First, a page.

• Difficulties in sensory processing of food texture, smell, taste, and color [2]

  • Difficulty focusing on one task for an extended period, which makes it hard for them to sit down and eat their meals from start to finish [2]

  • Associating foods with stomach pain or discomfort due to GI problems [2]

  • Medication interactions, since stimulant medications used with autism can lower appetite, thus reducing intake and affect growth. Also, some medications may affect the absorption of certain vitamins and minerals [2]

Tips to help overcome the challenge:

So, feeding time can often be stressful and frustrating for many parents, caregivers, and the children. In fact, around 89% of children with ASD experience challenging behaviors during mealtime [4]. This situation may cause children to have a negative perception of mealtime, which makes the situation even worse. For this reason, it might be necessary to implement fun and positive strategies to make mealtime a more successful experience for everyone. Here are some tips to help achieve this goal:

  1. Set a time to prepare for mealtime: sensory difficulties can make children with ASD feel anxious when mealtime approaches. So, try relaxation techniques before mealtime, such as practicing deep breathing together for five minutes or doing “deep pressure tactile exercise” like having the child push the palms of their hands against yours [10].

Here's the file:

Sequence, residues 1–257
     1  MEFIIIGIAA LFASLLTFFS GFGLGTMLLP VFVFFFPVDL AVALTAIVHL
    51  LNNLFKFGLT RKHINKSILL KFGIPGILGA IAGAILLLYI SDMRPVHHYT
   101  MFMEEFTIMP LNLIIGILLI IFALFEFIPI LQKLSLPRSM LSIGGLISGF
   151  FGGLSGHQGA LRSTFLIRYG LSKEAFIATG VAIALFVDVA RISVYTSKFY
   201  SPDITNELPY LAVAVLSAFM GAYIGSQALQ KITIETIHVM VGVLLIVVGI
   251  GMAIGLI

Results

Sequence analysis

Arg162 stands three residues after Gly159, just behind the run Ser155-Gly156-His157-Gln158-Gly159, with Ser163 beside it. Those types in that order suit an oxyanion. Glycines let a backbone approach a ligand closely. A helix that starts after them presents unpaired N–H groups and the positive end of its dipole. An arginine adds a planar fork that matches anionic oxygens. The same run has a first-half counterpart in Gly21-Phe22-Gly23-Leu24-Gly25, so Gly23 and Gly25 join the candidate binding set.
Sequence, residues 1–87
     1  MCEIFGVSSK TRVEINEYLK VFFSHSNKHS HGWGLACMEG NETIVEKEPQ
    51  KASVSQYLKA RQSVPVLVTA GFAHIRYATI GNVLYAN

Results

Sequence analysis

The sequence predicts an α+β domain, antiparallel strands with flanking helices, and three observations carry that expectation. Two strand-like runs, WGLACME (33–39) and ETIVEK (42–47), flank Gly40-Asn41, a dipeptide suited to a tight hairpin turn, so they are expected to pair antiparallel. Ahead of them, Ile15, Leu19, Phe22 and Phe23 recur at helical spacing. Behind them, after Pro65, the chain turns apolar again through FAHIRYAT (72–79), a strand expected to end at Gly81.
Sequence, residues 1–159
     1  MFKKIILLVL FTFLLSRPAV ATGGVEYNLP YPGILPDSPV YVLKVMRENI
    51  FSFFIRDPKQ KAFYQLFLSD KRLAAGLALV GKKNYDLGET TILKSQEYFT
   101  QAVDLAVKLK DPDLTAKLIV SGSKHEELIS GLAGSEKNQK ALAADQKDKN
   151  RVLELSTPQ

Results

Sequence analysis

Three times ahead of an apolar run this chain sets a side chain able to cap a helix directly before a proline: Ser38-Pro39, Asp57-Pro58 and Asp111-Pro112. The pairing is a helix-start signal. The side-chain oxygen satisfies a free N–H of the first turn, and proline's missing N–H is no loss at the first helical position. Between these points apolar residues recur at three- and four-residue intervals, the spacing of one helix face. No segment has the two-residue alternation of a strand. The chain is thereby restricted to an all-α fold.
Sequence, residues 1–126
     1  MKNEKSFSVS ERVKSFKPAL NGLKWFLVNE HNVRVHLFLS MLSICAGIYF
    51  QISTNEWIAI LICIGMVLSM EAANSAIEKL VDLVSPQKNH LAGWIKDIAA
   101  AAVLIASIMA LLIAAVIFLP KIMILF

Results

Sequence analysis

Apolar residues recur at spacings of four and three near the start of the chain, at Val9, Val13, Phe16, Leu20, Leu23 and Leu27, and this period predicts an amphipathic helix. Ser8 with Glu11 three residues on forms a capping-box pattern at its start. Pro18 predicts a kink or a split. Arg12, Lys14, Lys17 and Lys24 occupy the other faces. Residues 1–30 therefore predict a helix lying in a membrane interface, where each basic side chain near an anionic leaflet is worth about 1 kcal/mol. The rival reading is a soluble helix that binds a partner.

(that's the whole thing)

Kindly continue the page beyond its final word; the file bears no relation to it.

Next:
2. Involve the whole family-siblings: eating together helps children to learn what they are supposed to be doing. Eating together also helps children learn through imitation, making it more likely that they will put new food in their mouths after seeing others doing so [10].

  3. Introduce new foods by gradual exposure: it may take many exposures to the new foods before they accept them. Try serving the new foods along with familiar foods. Include foods with a variety of attractive colors and textures. Encourage them to touch the food with a fork, then with a napkin, then with their fingers [10]. Help them explore the new food by smelling it, touching it, and simply looking at it [3].

  4. Make it fun: children learn through play and playing with food is not the exception. For instance, use cookie cutters to cut sandwiches into fun shapes; make faces on a pizza with veggies; try finger painting with pasta sauce. As you play with them, let them watch you eat and enjoy the new food [3].

  5. Give them options: giving children choices helps them feel more positive and in control. For instance, try offering different types of protein, fruits, and vegetables and let him choose one of each. You can even make a game out of offering them to pick one surprise ingredient in the family’s dinner, which the rest of the family members can guess at during dinner time [3].

  6. Praise, praise, praise, and praise: children with ASD love being praised. Praise and small rewards may gradually increase the time at the table to around 20 minutes [10]. Try ignoring challenging behaviors and praise them for “good behavior.” Reinforcement is an excellent technique to help increase the occurrence of desired behaviors, while ignoring some negative behaviors might help decrease the occurrence of unwanted behaviors [10].